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Community Resource Hub funds will aid local families

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NORTHEASTERN MINNESOTA — The Northland Foundation was recently selected as a new federally funded Community Resource Hub to help pregnant and parenting families with children age 8 and younger navigate Minnesota’s early childhood system. This shifts the burden of finding help from those seeking services to organizations that connect them with the supports they need.

Northland Foundation was selected to partner with the state to provide culturally appropriate assistance to the state’s increasingly diverse families. The Northeastern Minnesota Community Implementation Hub Collaborative is working closely with seven locally based organizations: Arrowhead Economic Opportunity Agency (AEOA), Carlton County, Duluth Public Schools ISD 709, Fond du Lac Human Services Division, Invest Early/Itasca Area School Collaborative, Lake Superior School District ISD 381, and McGregor School District ISD 4.

These partners will implement the collaborative in six counties and four tribal nations in northeastern Minnesota. The partners will implement communitydesigned family navigation systems, working within a regional learning community, to maximize resources and tap strengths of each partner while targeting the root causes of inequities impacting families furthest from opportunities.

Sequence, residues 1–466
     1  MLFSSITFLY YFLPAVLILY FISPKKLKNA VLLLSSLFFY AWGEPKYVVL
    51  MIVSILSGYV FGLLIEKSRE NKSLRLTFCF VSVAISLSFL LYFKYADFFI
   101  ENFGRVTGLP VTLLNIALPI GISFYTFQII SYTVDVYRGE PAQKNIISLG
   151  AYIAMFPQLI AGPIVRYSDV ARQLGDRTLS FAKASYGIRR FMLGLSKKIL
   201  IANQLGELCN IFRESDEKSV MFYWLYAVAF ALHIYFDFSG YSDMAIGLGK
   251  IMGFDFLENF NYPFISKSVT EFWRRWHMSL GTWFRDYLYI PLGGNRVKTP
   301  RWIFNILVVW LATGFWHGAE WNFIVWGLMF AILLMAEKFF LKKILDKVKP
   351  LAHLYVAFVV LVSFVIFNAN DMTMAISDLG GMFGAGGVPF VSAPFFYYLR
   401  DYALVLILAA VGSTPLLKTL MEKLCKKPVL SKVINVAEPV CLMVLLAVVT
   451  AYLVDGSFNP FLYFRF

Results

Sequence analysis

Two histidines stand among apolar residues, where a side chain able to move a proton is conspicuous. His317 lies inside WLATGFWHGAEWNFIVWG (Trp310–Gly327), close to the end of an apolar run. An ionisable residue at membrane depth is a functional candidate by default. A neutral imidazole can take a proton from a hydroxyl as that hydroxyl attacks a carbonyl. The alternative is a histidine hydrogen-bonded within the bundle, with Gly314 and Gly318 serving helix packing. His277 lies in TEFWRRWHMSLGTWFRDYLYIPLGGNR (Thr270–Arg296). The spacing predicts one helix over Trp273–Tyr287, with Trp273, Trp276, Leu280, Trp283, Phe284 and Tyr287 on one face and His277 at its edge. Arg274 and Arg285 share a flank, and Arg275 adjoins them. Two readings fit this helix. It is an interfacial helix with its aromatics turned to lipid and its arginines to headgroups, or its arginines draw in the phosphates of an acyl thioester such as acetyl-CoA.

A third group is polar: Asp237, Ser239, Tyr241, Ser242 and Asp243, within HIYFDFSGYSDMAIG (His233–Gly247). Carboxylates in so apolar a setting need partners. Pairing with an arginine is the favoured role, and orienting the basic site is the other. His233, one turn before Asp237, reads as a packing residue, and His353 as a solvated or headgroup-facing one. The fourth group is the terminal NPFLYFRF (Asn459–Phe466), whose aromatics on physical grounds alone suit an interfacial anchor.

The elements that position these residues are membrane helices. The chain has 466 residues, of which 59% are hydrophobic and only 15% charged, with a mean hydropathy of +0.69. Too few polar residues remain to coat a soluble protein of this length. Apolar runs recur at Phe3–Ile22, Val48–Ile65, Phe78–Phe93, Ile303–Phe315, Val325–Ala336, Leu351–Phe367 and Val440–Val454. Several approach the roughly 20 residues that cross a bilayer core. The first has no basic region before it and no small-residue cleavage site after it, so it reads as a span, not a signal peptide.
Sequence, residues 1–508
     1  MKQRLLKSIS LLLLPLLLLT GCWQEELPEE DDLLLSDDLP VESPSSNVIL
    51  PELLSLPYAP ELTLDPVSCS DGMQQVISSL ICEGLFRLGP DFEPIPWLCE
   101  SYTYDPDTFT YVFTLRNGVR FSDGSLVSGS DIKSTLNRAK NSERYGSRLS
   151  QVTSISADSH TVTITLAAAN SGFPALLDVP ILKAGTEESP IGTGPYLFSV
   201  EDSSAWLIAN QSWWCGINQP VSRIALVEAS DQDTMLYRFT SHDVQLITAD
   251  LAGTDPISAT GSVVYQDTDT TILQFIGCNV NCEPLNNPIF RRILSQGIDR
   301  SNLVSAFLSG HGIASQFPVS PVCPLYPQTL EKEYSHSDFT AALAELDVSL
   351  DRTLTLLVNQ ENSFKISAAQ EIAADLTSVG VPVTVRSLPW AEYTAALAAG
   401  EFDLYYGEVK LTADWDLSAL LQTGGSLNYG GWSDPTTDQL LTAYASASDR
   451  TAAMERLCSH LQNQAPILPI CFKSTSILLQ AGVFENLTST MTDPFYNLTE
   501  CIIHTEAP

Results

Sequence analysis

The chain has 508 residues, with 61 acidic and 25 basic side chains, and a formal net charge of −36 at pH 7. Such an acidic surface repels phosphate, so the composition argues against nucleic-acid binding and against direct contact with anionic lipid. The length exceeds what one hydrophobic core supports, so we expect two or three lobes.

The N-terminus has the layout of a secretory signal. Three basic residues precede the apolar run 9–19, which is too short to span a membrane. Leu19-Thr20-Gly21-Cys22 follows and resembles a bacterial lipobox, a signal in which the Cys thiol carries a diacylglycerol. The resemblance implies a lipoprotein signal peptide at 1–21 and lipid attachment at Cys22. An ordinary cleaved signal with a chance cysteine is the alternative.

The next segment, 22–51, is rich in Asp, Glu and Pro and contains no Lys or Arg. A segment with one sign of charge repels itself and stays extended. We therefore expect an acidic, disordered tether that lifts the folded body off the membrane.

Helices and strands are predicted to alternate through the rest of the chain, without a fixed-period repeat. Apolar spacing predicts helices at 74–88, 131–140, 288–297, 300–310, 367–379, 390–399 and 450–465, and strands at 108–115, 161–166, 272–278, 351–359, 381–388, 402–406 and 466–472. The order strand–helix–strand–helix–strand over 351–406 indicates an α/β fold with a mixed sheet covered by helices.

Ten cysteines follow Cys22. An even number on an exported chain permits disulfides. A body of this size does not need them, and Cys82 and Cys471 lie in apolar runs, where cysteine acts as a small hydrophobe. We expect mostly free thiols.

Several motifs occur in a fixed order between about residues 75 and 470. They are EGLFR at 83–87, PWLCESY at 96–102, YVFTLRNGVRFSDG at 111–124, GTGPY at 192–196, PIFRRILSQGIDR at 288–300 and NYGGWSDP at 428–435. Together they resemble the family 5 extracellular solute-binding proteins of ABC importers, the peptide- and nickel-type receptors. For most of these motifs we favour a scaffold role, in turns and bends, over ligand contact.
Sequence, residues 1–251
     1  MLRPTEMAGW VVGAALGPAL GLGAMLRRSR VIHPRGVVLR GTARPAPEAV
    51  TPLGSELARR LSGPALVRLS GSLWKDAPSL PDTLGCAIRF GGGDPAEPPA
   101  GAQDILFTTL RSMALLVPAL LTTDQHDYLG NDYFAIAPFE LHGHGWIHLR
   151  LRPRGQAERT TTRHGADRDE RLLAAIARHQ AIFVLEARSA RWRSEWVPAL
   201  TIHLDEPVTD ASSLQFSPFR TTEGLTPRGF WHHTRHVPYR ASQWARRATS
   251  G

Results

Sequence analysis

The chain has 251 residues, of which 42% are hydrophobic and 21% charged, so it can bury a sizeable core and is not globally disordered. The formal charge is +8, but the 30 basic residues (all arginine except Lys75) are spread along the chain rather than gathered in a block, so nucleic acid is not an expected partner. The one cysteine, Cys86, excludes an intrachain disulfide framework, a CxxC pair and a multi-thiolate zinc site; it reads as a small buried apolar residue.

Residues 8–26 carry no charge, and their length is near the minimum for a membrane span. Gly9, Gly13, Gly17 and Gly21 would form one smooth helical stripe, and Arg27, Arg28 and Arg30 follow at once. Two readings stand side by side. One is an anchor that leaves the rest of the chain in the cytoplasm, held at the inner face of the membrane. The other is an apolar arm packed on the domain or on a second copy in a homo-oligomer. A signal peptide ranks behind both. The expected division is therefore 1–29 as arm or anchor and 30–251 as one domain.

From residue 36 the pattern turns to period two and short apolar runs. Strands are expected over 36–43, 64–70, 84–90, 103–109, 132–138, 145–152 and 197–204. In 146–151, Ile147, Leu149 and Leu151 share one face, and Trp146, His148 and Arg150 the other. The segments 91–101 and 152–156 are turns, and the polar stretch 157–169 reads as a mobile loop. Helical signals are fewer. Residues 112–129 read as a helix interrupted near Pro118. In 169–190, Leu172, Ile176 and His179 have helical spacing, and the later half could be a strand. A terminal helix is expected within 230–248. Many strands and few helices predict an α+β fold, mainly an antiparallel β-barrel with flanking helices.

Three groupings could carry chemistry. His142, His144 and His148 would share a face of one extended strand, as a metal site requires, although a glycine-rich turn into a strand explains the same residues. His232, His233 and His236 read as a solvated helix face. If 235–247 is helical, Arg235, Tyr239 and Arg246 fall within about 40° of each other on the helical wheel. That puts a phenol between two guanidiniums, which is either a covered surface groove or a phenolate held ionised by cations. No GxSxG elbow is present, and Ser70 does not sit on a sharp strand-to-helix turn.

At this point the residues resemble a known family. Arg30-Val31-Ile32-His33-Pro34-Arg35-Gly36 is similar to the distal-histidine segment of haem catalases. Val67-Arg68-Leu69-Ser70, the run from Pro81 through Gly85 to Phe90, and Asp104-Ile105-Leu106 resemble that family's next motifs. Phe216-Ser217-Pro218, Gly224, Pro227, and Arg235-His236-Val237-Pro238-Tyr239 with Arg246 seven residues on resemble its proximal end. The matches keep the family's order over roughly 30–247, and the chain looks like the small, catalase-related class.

The Community Resource Hubs will aim to: • Help families narrow down the number of places they need to go to apply for services. • Reduce the amount of travel required for families to access needed services. • Grow community engagement and support community developed solutions. • Provide relationship-based, culturally appropriate assistance by partnering with people in the communities being served.

To support the creation of the hubs, the state will use $6 million from the Preschool Development Grant, a federal grant that works to remove barriers so families with young children can access life-changing early childhood programs. The grant is a partnership among Minnesota’s departments of Health, Education, and Human Services, along with the Children’s Cabinet. Over the next two years, $26.7 million in Preschool Development Grant funds will be used to align early education and child care systems across the state while closing gaps for children facing racial, geographic and economic inequities.

“These organizations are already doing great work connecting families to resources,” said Lisa Bayley, acting assistant commissioner for Children and Family Services at the Department of Human Services. “The funds will help expand their services so they can reach even more families in their region.”

Investing in local hubs allows the state to build on solutions that are already working for communities instead of spending money to develop new initiatives.

“A strength of this collaboration will be the coordination of resources among all the partners to ensure wide impact. I am confident that the relationships and practices that grow out of this program will benefit young children and families in our region well beyond the grant period,” said Northland Foundation’s Vice President and KIDS PLUS Director Lynn Haglin.

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